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What was context and time of origin of the repeated chant of ".. through my fault, through my fault,through my most grievous fault" in the Act of Contrition said during the Holy Mass of Catholic Church (Latin rite) ?

  • Did not Jesus ask St. Peter if he loved Him after he had denied Christ three times during His Passion. – Ken Graham Oct 13 '17 at 12:18
  • Did I answer your question? – J. Tate Mar 5 at 14:31
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The number 3 has many meanings in the Christian/Catholic tradition, and some orthodox faiths repeat many parts of the liturgy three times. It is often honoring the three persons of the Trinity, but here it is more likely harkening back to scripture, as the liturgy does often. It also worth noting that the Confeitor prayer is also simply part of Tradition (since about the 11th century in its modern form).

This blog post sums it up nicely:

In the revised 2011 English translation of the Mass, the threefold refrain reappeared, and we are once again encouraged to symbolically strike our breasts each time we acknowledge our fault.

Why was this restored? And why do we, at the beginning of the prayer, not only admit that we have sinned, but that we have greatly sinned?

The first reason is that the Catholic Mass is thoroughly biblical. So let’s start by noting what a threefold repetition means in the Jewish mentality. In Hebrew, you can’t add endings to words to express superlatives or emphasis. There is no “big, bigger, biggest” in the language of the Old Testament. So how do you get the idea across that something is the best, worst, or extremely important? By repeating it three times. When Isaiah had a vision of the Lord attended by angels, they cried out, “Holy, Holy, Holy!” which we repeat at every Mass. Peter’s denied Jesus three times. The Lord later asked Peter, “Do you love me?” (John 21:15–17) not once, but three times.

Therefore, a threefold admission of our fault is a biblical way to emphasize what is said at the start of the prayer—that we have “greatly” sinned. Sin is not just a casual affair, an inconsequential blunder like failing to dot an i or cross a t. Sin is a most serious matter. God has given us everything, even sacrificing his only Son for us. He deserves all our love, as we say in the act of contrition.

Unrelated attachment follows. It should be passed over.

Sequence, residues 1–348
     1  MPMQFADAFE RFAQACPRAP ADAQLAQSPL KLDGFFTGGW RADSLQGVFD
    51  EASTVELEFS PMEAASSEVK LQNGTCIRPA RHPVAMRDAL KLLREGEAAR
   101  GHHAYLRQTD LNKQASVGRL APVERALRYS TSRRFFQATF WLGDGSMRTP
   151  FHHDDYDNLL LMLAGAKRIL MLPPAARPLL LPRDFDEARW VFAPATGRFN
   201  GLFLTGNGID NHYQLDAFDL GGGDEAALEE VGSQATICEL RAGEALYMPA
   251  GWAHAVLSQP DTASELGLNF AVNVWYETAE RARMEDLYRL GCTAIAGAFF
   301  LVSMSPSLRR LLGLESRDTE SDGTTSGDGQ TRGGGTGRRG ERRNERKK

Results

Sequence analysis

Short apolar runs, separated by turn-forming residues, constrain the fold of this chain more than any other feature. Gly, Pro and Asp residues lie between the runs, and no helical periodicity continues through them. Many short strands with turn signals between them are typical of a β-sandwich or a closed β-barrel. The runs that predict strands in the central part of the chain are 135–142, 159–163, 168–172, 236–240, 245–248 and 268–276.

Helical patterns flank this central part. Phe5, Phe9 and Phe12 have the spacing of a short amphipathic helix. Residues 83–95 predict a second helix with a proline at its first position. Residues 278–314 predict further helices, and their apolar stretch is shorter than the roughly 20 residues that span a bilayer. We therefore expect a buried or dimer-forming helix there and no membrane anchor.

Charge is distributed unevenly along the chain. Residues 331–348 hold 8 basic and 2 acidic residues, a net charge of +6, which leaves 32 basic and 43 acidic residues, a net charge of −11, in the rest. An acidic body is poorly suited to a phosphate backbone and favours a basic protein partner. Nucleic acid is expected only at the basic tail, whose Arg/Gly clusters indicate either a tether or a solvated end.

We are commanded to love him with all of our heart, soul, mind, and strength. When we fail to do so by neglecting our duty or by doing something that hurts others, ourselves, and God’s honor, it is grievous. As we become aware of what we’ve done or failed to do, the proper response is contrition, the kind of sorrow that leads not to despair but to change.

But why the striking of our breasts as we recall our fault? Is being Catholic all about beating ourselves up? For the answer, we again need to turn to the Scriptures. In Luke 18:9-14, we meet a very pious Pharisee who congratulates God on being so fortunate as to have such a worthy servant as himself. There is also a publican, a tax collector, who strikes his breast as he comes before the Lord saying, “Lord, be merciful to me, a sinner.”

By striking our breast, we distance ourselves from the Pharisee and stand, or rather bow, with the publican, acknowledging our unworthiness before the awesome majesty and perfect holiness of the living God. It is not about self-hatred but about humility. And humility means getting in touch with reality. As we begin the liturgy, we pause to recall that we don’t deserve to be there. We are all publicans and prodigals whom a loving Father embraces and welcomes not because of our virtues but in spite of our sins.

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